For decades we’ve been taught the surest way to developing successful new products is to listen to the voice of the customer. Companies have spent billions on VOC research encompassing everything from massive quantitative surveys to rapid ethnographies, in-home use tests and social media customer feedback mechanisms. Some have created whole divisions dedicated to it with executives who have titles like Chief Customer Officer and Director of Customer Experience.
Putting your customers at the center of your enterprise isn’t a bad idea. But if you want to separate yourself from others in your field, you should innovate around a different VOC – Voice of the Culture.
Think about the most innovative companies in every category: brands like Google, BMW, Apple, Target, DC Shoes, Virgin and others. They don’t stop at doing what the customer says they want, they go beyond. They understand the very culture of their users, introducing products that do more than attract mere customers; they create passionate fans.
As innovation professionals, there’s one thing we rarely lack, data. We’re not just swimming in it; we’re drowning in it. Everyday new information comes across our desktops that seemingly contradicts what we knew to be true the day before. One customer wants it bigger. One wants it smaller. One wants it red, while another would prefer black. Listen to the voice of every customer and soon you’ll be spun in so many directions, you won’t know which way is up. The result in many cases is a tangled mess of line extensions and SKU proliferation that is practically unmanageable.
Tap into the culture, however, and you’ll be able to create real value for your users.
We’ve all seen it in focus groups and on surveys. Consumers tell you they want one thing and then turn around and do another. Ask who wants a cheaper smart phone and everyone raises their hand. Yet Apple continues to dominate the market. The new iPhone 4s is only in pre-order, and they’ve already sold a million of them at $399.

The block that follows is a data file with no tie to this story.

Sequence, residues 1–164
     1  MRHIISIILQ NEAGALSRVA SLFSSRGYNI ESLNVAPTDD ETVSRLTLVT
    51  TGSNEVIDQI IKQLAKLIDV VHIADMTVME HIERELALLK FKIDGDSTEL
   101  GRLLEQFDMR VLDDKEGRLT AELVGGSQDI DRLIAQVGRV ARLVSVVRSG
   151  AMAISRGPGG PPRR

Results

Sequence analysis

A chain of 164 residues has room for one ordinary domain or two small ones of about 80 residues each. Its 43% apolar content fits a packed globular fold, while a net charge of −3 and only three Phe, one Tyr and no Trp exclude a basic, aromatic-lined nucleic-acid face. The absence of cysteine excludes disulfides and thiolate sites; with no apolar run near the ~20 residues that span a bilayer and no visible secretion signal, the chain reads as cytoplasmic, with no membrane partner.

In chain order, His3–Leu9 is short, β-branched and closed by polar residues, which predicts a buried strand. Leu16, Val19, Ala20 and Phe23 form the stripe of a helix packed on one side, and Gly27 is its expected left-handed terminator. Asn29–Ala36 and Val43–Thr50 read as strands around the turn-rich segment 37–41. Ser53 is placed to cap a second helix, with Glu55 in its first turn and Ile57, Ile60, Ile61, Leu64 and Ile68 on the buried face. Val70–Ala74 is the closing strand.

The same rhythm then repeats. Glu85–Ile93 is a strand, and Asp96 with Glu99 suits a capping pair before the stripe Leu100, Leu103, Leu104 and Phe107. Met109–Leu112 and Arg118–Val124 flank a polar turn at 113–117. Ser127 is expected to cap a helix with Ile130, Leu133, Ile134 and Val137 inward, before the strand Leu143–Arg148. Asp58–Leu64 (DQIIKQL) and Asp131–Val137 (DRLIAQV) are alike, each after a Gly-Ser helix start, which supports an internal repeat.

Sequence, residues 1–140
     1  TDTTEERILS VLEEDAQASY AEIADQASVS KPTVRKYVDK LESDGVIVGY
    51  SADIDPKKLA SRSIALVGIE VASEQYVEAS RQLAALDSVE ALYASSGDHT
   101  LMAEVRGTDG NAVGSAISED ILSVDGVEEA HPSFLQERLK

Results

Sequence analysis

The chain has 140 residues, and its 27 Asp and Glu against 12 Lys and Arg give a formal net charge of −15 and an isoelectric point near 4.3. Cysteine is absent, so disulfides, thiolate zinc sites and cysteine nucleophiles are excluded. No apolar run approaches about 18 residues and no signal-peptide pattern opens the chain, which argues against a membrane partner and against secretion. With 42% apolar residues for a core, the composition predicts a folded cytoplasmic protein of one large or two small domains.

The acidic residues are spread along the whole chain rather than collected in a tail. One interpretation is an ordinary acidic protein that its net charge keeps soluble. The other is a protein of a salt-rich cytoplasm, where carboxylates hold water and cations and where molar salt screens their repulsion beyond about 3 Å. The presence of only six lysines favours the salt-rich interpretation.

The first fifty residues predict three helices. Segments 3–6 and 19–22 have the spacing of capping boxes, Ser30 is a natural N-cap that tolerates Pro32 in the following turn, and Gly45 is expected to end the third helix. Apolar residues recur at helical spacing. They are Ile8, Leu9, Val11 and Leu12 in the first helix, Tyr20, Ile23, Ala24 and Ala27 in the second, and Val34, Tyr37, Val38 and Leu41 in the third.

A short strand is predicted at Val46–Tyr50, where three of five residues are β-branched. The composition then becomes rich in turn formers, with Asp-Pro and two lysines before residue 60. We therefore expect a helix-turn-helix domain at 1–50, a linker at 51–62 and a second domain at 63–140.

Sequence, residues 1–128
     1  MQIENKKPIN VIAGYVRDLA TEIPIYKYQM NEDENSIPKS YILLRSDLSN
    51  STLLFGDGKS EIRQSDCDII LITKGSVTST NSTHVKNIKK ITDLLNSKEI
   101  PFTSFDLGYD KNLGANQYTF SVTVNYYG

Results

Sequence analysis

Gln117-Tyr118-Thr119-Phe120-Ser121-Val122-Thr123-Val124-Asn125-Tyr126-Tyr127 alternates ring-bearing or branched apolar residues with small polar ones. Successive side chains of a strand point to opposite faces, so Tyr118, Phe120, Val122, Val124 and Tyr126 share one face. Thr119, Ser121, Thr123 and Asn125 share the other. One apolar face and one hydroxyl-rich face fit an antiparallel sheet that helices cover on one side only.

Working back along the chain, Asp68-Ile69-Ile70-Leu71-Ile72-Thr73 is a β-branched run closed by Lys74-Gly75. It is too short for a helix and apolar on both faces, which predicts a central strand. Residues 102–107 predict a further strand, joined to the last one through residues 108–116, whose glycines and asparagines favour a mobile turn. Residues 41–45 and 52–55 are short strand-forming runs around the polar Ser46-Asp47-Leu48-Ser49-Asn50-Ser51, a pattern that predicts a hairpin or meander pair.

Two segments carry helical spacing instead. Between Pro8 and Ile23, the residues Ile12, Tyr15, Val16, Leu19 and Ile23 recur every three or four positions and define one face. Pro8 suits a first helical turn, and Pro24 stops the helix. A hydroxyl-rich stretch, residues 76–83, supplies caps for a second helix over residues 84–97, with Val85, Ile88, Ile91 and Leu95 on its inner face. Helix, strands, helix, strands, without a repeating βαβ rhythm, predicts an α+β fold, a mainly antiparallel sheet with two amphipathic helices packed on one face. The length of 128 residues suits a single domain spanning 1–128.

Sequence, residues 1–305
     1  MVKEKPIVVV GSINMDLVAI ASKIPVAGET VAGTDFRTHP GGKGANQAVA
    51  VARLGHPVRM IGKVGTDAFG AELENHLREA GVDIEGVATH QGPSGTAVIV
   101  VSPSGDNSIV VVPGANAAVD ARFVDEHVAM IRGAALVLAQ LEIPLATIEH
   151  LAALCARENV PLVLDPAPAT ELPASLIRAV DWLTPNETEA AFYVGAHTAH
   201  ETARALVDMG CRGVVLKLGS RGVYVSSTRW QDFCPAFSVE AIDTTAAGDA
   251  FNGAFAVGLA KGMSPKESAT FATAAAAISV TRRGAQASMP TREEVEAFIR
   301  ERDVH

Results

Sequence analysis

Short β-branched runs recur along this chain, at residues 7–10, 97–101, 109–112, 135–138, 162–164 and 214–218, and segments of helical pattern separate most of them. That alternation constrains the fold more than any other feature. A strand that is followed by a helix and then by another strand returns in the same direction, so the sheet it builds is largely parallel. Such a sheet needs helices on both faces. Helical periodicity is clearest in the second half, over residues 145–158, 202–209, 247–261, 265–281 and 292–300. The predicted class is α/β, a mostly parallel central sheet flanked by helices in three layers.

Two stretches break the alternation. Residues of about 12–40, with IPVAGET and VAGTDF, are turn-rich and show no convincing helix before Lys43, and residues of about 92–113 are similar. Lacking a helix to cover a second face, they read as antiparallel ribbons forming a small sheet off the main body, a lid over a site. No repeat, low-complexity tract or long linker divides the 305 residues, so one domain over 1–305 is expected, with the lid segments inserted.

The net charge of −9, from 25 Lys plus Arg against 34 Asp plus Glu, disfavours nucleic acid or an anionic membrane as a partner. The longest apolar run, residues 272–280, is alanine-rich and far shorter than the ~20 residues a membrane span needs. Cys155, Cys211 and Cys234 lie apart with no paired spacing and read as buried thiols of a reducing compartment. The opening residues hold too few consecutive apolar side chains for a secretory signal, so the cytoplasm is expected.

Apple knows it’s about more than functional benefits and price.
Innovate around charts, graphs, numbers and dots and you’ll get incremental improvements that people will appreciate but rarely pay extra for. Remember when only luxury cars had power windows and automatic climate control? Now you can find those features on entry-level subcompacts. BMW continues to demand a significant premium for its cars, however, because it ties those features into the culture of driving. BMW positions itself as The Ultimate Driving Machine and thus those who own one see themselves as ultimate drivers. Every feature and interface is designed to reinforce the culture of driving from the power assist steering that gives you excellent feedback to the adjustable suspension with sport mode that lets you dial in a setting for more spirited driving.
So how do you gain an understanding of the culture of your customers?